Startups matter. Why? Because they create jobs and perhaps most importantly are a source of productivity, growth and innovation. They are hubs of creativity and form the foundations of the knowledge economy. But startups have their own unique set of pressures, challenges and policy issues to get to grips with in order to scale the heights that their founders aspire to. We’ve compiled the top 9 policy issues that affect startups (and SMEs) worldwide:
Digital Infrastructure & Connectivity
Startups rely heavily on smart digital infrastructure to grow, develop, respond and communicate. Superfast connectivity and affordable flexible office space lowers the cost of launching a product and allows startups to pay for what they use rather than invest in expensive infrastructure.
Access to Talent
For digital startups to thrive, entrepreneurs need to be able to hire skilled developers, engineers and designers. Talent comes from entrepreneurs and top STEM graduates, domestic and overseas, but the lack of visa options often limits entry. Hiring people can also be complicated, costly and time consuming for startups, which is clearly not conducive to being able to move quickly and grow. Hiring the wrong person at the wrong time can also mean the end for a startup as it prevents them from being able to accept and deliver customer orders. This afterall is the bottom line.
There will be 1 million new tech jobs that need to be filled in the UK by 2020 according Baroness Lane-Fox. Raising the levels of basic digital literacy is essential for everyone, while some will need more advanced skills to create and utilise new technologies. Whether this starts in school or through by retraining and upskilling the current workforce, the shortage needs to be addressed.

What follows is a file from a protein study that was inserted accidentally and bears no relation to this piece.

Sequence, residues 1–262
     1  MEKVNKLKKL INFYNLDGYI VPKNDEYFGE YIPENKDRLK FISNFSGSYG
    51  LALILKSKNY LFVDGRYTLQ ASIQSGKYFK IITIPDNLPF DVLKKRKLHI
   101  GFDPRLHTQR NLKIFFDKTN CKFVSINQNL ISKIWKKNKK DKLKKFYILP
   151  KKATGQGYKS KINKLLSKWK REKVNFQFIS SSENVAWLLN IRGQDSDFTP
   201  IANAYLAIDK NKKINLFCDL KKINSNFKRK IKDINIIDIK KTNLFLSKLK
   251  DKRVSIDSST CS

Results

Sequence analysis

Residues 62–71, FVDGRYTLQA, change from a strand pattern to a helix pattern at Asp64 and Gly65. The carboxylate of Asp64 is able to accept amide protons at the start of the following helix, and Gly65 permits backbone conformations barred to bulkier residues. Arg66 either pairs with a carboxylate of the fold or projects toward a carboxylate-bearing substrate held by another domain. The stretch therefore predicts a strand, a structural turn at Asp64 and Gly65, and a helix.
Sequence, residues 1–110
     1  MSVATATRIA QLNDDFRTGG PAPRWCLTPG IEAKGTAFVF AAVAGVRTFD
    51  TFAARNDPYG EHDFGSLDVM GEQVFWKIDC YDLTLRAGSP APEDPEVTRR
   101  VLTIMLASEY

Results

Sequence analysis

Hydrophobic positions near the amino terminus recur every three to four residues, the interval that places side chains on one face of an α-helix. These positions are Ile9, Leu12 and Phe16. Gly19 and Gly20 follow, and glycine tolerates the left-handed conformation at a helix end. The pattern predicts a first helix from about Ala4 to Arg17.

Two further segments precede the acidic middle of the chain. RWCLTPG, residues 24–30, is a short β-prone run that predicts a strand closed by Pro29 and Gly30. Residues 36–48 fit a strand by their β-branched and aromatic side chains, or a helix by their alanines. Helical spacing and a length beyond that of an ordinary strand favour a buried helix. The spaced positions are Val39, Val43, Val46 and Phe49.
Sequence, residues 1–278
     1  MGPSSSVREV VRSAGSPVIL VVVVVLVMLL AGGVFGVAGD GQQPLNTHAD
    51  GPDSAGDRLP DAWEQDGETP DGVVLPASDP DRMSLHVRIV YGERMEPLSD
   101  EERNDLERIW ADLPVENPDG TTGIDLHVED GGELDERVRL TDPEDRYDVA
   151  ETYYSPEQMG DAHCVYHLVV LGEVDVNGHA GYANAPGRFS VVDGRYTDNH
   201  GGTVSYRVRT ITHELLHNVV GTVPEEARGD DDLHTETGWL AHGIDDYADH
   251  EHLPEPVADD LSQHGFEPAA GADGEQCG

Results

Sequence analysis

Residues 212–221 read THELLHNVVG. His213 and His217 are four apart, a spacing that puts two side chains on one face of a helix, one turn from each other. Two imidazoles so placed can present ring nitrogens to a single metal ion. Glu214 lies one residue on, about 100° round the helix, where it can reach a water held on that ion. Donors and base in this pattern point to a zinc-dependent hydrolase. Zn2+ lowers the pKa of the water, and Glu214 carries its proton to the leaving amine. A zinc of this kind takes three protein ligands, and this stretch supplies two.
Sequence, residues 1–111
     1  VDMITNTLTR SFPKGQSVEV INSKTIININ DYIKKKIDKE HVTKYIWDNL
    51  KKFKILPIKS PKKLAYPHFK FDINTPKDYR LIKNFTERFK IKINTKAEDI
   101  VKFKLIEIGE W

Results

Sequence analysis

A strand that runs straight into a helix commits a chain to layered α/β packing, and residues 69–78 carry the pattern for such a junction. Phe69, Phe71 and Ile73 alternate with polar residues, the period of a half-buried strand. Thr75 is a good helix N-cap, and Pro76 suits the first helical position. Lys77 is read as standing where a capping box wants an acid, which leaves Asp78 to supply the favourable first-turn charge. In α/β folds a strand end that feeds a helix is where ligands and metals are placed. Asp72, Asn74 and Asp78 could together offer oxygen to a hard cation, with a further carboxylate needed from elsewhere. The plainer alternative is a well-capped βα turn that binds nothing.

Access to Finance
Startups need funding and investments to set up and grow. Venture Capital and Private Equity financing represents the norm, with loans often unsuitable or inaccessible. While the costs of launching a startup have fallen significantly and funding at the seed level has become easier to access, raising money in subsequent rounds of funding is where main the challenges lie. Entrepreneurs themselves are also restricted in how they can benefit from tax reliefs on investment in early stage companies.The UK Government, in the last budget, in response has made adjustments to EIS, SEIS and VCT schemes in the form tax benefits for individual investors; this will undoubtedly benefit SMEs/startups looking for funding.
For startups trying to scale up and expand their markets, taxes can be an expensive hindrance, especially as startups can often operate across complicated and differentiating tax systems. Take the VATMOSS disaster implemented by the EU. Originally formulated to to help businesses handle VAT, startups and SMEs are having to spend hundreds and thousands of pounds on software and support services to process their VAT – costs which are hugely out of proportion with the amount of VAT due in the first place. Startups, often operating on limited funding could be using this money to hire talent, develop and deliver products. Tax reliefs, such as a lower level of corporation tax as announced in the UK government’s July Budget, are essential for startups as well as those, entrepreneurs, VCs and Private Equity, investing in them. Chancellor Osborne also pledged to cut National Insurance which would allow small businesses to employ four people full time on the national living wage, paying no NI at all.